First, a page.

• Closed-cell mats are typically made of materials that repel water and sweat, helping to reduce or prevent the absorption of moisture and bacteria, Dr. Chwalek explains. For this reason, they’re usually more durable and easier to clean. Examples of closed-cell mat materials include natural rubber, cork, TPE (thermoplastic elastomer), and recycled PVB (polyvinyl butyral).

  • Open-cell mats are typically textured and porous, so they’re able to absorb sweat and moisture. This makes them less slippery, but also less sanitary and harder to clean (and thus a better option for your at-home practice). These stickier yoga mats are typically made of latex-free PVC (polyvinyl chloride), otherwise known as vinyl, but jute is another popular eco-friendly, open-cell option.

With that in mind, here’s how to clean your yoga mat, depending on the type of mat you have and the level of clean you’re after:

For a Quick, Post-Class Clean: 

  1. Roll out your mat.

  2. Spritz the entire mat with the cleansing spray outlined above, or wipe with a disinfectant wipe if preferred and approved for your mat.

  3. Repeat on the other side. 

For a Deeper Clean (Closed-Cell Mat):

  1. Fill a spray bottle or bucket with warm water and add a few drops of dish soap (about 1 tablespoon).

  2. Spray the mat or apply soapy mixture with a soft cloth or microfiber towel.

  3. Using the cloth, gently scrub the mat in a circular motion with soft cloth.

  4. Rinse off soapy mixture. 

For a Deeper Clean (Open-Cell Mat):

  1. Fill a bathtub with water to cover the mat and add a few drops of dish soap. (Make sure you check manufacturer instructions to confirm this method is safe for your mat, though!)

  2. Submerge the mat in the soapy water and let it soak for a few minutes. 

  3. Using a soft cloth, gently scrub your mat with the soapy water.

  4. Rinse the mat and squeeze out excess water. 

Can You Clean a Yoga Mat in the Washing Machine?

It depends. Some yoga mats can be thrown in the washing machine, but you’ll want to check the manufacturer’s recommendations for your specific mat, Dr. Chwalek says. Some materials are susceptible to wear and tear in the machine, so if you’re not sure, stick to hand-washing to avoid ruining your mat.

If the manufacturer says it is safe to machine-wash your yoga mat, Dr. Gerba suggests using hot water with at least a 15-minute cycle to make sure it’s properly disinfected. (But again, if your mat suggests a cold, gentle cycle, you’ll want to defer to those instructions!)

If your mat can indeed go in a washing machine, this can be a great cleaning method to use in addition to everyday wipe-downs. “Once a month or so, I'll throw my mat in the washer on a gentle cycle and hang it dry,” Kristin says. 

A bunch of clean yoga mats stacked up together.

Catherine McQueen / Moment via Getty Images

How to Dry and Store Your Yoga Mat

After you wipe down or clean your yoga mat, be sure to let it air-dry completely before you roll it up and store it in a bag or anywhere else, Dr. Chwalek says. (Note that open-cell mats typically absorb water like a sponge and will take much longer to dry than closed-cell mats.)

Drying your mat before tucking it away is a key step: “Bacteria and viruses can live on yoga mats anywhere from several hours to several days and fungi can survive on surfaces for months—especially if the environment is moist and damp,” Dr. Chwalek explains. 

Once your mat is totally dry, store it in a cool, dry place, Dr. Gerba and Dr. Chwalek say, since heat and moisture can create the right environment for microbial growth.

Proper storage could also extend your mat’s lifespan. It’s a good idea to store your mat away from a window or radiator, especially if it’s made of natural rubber, cork, or jute, as Dr. Chwalek says these materials can dry out or deteriorate if exposed to direct sun or extreme heat. (She also recommends rolling a natural rubber mat so the rubber side is inside to protect it from degrading over time when exposed to sunlight.)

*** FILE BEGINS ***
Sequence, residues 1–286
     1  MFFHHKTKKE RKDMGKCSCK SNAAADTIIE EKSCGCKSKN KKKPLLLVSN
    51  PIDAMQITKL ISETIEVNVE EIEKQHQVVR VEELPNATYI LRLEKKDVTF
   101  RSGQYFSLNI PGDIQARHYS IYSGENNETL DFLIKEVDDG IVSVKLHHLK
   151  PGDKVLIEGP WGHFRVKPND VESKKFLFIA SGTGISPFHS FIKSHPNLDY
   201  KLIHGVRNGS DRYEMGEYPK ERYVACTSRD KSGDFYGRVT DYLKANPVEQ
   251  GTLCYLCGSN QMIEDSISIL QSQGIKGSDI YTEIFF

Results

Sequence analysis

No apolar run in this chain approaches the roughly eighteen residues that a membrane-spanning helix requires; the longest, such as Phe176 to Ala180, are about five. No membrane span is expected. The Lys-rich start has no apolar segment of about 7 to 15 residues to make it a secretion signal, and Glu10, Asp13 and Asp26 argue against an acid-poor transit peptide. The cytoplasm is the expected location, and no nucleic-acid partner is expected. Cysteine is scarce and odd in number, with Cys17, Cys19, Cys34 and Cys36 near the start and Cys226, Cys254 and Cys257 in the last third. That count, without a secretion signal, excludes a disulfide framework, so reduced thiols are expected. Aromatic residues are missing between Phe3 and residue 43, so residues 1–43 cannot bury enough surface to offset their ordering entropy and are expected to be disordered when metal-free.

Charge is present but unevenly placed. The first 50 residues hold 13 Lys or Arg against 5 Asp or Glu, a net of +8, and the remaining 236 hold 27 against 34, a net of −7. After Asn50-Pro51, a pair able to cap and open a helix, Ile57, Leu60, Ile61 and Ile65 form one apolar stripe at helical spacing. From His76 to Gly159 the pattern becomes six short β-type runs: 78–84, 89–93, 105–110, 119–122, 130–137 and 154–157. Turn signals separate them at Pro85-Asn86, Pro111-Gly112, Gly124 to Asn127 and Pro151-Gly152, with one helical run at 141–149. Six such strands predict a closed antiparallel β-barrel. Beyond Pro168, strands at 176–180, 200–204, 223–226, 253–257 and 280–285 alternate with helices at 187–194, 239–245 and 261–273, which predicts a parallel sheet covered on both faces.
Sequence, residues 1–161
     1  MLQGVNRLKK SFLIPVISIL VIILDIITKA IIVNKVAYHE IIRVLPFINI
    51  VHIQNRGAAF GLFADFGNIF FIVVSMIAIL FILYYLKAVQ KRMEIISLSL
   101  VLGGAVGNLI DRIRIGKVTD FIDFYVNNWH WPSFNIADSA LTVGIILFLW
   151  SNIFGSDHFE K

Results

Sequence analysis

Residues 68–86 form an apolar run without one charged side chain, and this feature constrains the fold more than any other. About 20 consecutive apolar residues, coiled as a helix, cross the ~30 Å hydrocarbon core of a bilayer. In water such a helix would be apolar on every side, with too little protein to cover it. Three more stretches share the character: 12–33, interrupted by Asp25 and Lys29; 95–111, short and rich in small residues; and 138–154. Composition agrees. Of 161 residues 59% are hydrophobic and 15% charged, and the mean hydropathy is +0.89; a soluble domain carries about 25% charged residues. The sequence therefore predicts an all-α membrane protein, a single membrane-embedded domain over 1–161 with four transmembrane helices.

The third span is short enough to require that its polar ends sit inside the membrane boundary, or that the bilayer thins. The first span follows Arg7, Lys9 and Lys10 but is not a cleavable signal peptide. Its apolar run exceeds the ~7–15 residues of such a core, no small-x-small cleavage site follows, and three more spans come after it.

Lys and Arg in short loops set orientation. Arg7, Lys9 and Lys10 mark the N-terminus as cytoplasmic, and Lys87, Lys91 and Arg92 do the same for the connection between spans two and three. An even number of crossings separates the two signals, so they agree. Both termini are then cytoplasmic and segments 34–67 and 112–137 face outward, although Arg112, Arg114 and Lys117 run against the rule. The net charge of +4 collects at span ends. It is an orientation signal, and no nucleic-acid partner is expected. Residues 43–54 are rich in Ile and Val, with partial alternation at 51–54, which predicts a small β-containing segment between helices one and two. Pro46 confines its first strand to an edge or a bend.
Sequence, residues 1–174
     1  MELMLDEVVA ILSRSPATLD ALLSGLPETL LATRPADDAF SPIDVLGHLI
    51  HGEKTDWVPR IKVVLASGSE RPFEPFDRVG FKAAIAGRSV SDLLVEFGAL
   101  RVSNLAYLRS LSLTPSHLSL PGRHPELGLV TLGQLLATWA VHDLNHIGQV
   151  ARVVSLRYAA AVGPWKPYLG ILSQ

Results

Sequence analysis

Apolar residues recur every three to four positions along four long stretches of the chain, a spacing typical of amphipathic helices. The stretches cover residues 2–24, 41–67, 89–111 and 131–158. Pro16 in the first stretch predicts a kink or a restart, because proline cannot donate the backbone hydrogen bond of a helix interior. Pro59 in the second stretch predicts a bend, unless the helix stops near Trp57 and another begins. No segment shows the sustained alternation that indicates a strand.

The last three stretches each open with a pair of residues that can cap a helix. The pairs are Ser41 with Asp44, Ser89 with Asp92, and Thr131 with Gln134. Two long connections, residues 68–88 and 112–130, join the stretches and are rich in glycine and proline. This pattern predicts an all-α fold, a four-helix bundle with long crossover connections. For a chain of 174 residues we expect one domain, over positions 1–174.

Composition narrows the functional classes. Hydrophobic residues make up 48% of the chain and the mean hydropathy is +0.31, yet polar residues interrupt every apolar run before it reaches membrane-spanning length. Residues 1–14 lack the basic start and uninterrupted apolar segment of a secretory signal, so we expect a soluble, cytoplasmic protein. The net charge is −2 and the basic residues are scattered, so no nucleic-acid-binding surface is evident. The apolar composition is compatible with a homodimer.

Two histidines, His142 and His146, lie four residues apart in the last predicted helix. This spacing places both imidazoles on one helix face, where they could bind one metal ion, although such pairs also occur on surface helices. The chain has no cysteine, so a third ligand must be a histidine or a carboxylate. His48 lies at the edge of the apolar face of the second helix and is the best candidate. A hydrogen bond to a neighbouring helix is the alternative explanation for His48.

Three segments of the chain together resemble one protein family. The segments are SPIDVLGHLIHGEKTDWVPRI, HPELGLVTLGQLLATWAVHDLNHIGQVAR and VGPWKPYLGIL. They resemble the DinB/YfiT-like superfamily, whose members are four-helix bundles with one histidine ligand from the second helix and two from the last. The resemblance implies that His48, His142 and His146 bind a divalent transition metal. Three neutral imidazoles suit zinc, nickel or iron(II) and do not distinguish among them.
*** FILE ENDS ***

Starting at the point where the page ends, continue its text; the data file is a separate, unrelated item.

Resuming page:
“Another safe way to store and preserve your mat is to hang it up either with a gentle clip or fold it over a rod—some studios store mats this way,” Dr. Chwalek says. Of course, this isn’t always possible at home, so don’t overthink it—just make sure you don’t undo all your hard work cleaning your yoga mat by storing it with or in anything dirty. “If you store it in a bag or with straps, make sure to wash these accessories occasionally so they don't introduce dirt, odor, and microbes to your clean mat,” Dr. Chwalek adds.

To put things simply, take Kristin’s advice for drying and storing: “I always let my mat air dry or throw it over a drying rack, then I roll it up and store it in my closet,” she says. 

How Can You Keep Your Yoga Mat Cleaner for Longer?

Want to level up your yoga mat’s cleanliness and improve its longevity? Here are a few tips from our experts:

  • Stay barefoot during your workout. Kristin recommends never wearing shoes on your mat to keep it cleaner and extend its lifespan. 

  • Come prepared with clean hands and feet. This tip might seem obvious, but it’s important to always practice with clean hands and feet, Dr. Chwalek recommends. 

  • Rotate your mat during your practice. While this tip is more for your mat’s longevity rather than its cleanliness, it ensures your feet aren’t always in the same place, Dr. Chwalek says. This can be especially helpful if you’re practicing on a natural rubber mat since they tend to wear out easier, she notes.

The Takeaway

A yoga practice can help you de-stress and stay healthy—as long as you make cleaning your mat a regular practice, too. Luckily, cleaning a yoga mat mat doesn’t have to be difficult or time-consuming, and can give you peace of mind so you aren’t worried about infection-causing bacteria the next time you’re in Downward-Facing Dog pose.

This content is for informational and educational purposes only and does not constitute individualized advice. It is not intended to replace professional medical evaluation, diagnosis, or treatment. Seek the advice of your physician for questions you may have regarding your health or a medical condition. If you are having a medical emergency, call your physician or 911 immediately.